The following guidelines are expected for all homework submissions:

- All homework must be typed. Homework which is not typed will be returned ungraded and will be subject to the late homework guidelines as set out on the syllabus page. PLEASE DO NOT scribble something on lined paper and rip it out of your spiral notebook — hanging chads went out with the presidential election in 2000.
- I don't care too much about what font you use or how large your margins are; however, you might want to check out a monospaced font for typing code, as it will be easy to see the indentations.
- Speaking of indenting,
**PLEASE DON'T USE TABS TO INDENT YOUR CODE**. Tabs can often get interpreted differently by different computers, peripherals, and applications, and could make code that is nicely formatted on *your* computer lookall over the map

on *my* computer or in my editor.**USE SPACES INSTEAD**. You can set up almost every modern text editor to insert spaces whenever you press the TAB key, or you can simply pound the spacebar. *On assignments 1, 2, and 3,*. I can't stress this enough; part of this policy is**WORK BY YOURSELF**. On assignments 4 and 5,**WORK WITH A PARTNER***don't split up the work –*. This activity mimics an industry code development model called**WORK TOGETHER**on the assignmentpair programming

which is part of the Extreme Programming software development method. Feel free to collaborate in your pairs as much as you want, doing the entire assignment together.- DO NOT share your work between individuals or groups. Doing so will count as plagiarism. If you
wish to discuss solutions with another group over coffee in the Lair, that's fine as long as it is
*kept at the conceptual level and you don't share your code*between groups or individuals. Each person or group needs to turn in its own version of the solutions. - You only need to turn in ONE COPY per group.
- MAKE SURE YOUR GITHUB REPO IS PRIVATE [for reasons explained on the syllabus page and in class].
- MAKE SURE TO INCLUDE ME IN YOUR REPO AS A CONTRIBUTOR so that I can upload your evaluations.
- Submit your homework through GitHub, in your repository, to which I must be a contributor or have otherwise been allowed access. I cannot evaluate what I cannot see!

This assignment is actually really easy. All you need to do is:

- Get your GitHub account set up; use the naming convention
CMSI-3630_<your_name>

so I can easily tell which one is which - Create your repository with all the required folders; use the empty file
README.md

to start the folders [GitHub won't let you create just an empty folder ~ you need something in it] - Make sure that the folder structure is set up the same as on the week one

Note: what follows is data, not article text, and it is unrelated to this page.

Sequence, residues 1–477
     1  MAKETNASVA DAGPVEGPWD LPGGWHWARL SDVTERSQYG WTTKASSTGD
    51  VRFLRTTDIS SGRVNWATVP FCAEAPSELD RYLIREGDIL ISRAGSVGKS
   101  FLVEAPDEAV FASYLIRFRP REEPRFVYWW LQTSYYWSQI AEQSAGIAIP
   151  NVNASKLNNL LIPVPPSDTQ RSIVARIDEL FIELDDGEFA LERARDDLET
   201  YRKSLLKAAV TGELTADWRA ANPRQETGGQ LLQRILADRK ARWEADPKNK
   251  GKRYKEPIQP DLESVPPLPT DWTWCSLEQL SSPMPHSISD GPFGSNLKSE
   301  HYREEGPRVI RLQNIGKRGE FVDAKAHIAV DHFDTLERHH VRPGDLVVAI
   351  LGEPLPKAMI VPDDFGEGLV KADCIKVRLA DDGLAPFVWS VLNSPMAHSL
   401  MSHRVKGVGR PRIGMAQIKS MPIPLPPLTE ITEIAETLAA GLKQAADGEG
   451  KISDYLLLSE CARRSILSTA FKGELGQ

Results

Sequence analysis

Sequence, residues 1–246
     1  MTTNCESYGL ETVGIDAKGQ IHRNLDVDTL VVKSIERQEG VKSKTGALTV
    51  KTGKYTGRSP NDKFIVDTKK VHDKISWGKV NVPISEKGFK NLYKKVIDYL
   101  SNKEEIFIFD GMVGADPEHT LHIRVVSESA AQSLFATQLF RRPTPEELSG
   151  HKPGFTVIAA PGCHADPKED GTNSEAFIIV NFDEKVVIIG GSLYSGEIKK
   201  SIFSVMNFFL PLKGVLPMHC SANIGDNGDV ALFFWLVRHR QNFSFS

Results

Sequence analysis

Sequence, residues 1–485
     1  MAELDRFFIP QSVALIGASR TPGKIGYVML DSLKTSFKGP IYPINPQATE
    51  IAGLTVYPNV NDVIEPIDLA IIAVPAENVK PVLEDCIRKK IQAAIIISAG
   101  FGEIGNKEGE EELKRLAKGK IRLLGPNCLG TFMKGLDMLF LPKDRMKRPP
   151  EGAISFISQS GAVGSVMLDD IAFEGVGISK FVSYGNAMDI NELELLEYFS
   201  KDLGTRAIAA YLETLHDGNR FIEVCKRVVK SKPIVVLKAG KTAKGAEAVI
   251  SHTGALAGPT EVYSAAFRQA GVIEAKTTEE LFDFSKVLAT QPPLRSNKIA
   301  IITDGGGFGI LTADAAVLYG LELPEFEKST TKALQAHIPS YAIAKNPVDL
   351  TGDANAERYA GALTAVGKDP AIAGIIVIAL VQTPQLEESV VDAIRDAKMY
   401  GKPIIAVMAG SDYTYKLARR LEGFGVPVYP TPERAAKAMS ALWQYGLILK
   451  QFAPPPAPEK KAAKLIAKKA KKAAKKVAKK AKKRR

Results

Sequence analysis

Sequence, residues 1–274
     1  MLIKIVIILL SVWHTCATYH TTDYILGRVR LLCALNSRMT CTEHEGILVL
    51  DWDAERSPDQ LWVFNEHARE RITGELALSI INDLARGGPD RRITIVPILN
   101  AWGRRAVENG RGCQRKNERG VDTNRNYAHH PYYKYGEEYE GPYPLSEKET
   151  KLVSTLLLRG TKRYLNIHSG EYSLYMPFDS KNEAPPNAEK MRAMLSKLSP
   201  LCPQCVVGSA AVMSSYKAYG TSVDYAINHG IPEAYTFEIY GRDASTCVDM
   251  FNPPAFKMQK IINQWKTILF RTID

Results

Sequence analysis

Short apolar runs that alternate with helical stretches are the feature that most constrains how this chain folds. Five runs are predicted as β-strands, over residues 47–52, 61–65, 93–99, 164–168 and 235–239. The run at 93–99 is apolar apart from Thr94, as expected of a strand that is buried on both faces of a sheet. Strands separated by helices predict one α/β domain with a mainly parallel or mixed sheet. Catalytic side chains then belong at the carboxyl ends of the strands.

page under the
**Assignment Submissions**section - Make sure that the repository is
**PRIVATE**for reasons explained in class - Invite your professor to participate in your repository; my GitHub name is
bjohnson05

and my squirrel drinking coffee logo should be visible - Be sure to check that your code runs from the command line, the
*REAL*one, not one that is part of an editor or IDE like Eclipse or VScode - Commit one copy of your week one in-class exercise to your homework01 directory

One easy way to determine the approximate value of PI is to use what's known as the Monte Carlo

simulation. To do this, implement the following steps:

- Imagine a
unit circle

which is a circle with a radius of one - Inscribe that circle inside a square, so that the four sides of the square are tangent to the circle on four sides; this means you have a square that is 2 units by two units with the circle inside it
- Now imagine throwing a large bunch of darts that RANDOMLY land inside the square; some will land in the circle, some will land in the square OUTSIDE the circle
- Given the area of the square is Area
_{square}= 2 * 2 = 4 units - Given the area of the circle is Area
_{circle}= PI * r * r and since r = 1, then Area_{circle}= PI units - Taking the ratio of Area
_{square}to Area_{circle}give the equation Area_{square}/ Area_{circle}= 4 / PI - Rearranging that equation gives PI = (Area
_{circle}* 4) / Area_{square} - OK, now we can create a program for this! See if you can write a program in Python that will give an
approximate value of PI using Monte Carlo Simulation. The steps are as follows:
- Generate a large number of random X and Y paired values to simulate points where darts hit
- Count how many total points there are to simulate the area of the square
- Calculate the distance of each point from the center [origin] of the circle; if it is less than or equal to one, that dart is INSIDE the circle so count it
- When all darts are thrown, use the total number thrown as Area
_{square}and the total count INSIDE the circle as Area_{circle} - Calculate and output the approximate value of PI using the equation developed above